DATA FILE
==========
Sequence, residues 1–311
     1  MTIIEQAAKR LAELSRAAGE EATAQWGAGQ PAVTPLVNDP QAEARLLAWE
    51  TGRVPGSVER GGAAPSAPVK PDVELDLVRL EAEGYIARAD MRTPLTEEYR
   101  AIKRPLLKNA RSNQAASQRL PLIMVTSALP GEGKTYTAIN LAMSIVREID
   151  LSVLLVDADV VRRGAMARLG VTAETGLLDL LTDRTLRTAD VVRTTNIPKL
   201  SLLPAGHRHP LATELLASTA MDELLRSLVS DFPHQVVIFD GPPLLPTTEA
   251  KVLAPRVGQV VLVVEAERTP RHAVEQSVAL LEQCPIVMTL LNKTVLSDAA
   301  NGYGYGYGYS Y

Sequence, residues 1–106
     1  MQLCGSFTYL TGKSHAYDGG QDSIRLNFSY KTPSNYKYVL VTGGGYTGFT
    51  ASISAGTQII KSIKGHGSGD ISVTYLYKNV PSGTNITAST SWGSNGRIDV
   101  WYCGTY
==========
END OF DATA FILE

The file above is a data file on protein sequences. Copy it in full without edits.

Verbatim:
Sequence, residues 1–311
     1  MTIIEQAAKR LAELSRAAGE EATAQWGAGQ PAVTPLVNDP QAEARLLAWE
    51  TGRVPGSVER GGAAPSAPVK PDVELDLVRL EAEGYIARAD MRTPLTEEYR
   101  AIKRPLLKNA RSNQAASQRL PLIMVTSALP GEGKTYTAIN LAMSIVREID
   151  LSVLLVDADV VRRGAMARLG VTAETGLLDL LTDRTLRTAD VVRTTNIPKL
   201  SLLPAGHRHP LATELLASTA MDELLRSLVS DFPHQVVIFD GPPLLPTTEA
   251  KVLAPRVGQV VLVVEAERTP RHAVEQSVAL LEQCPIVMTL LNKTVLSDAA
   301  NGYGYGYGYS Y

Sequence, residues 1–106
     1  MQLCGSFTYL TGKSHAYDGG QDSIRLNFSY KTPSNYKYVL VTGGGYTGFT
    51  ASISAGTQII KSIKGHGSGD ISVTYLYKNV PSGTNITAST SWGSNGRIDV
   101  WYCGTY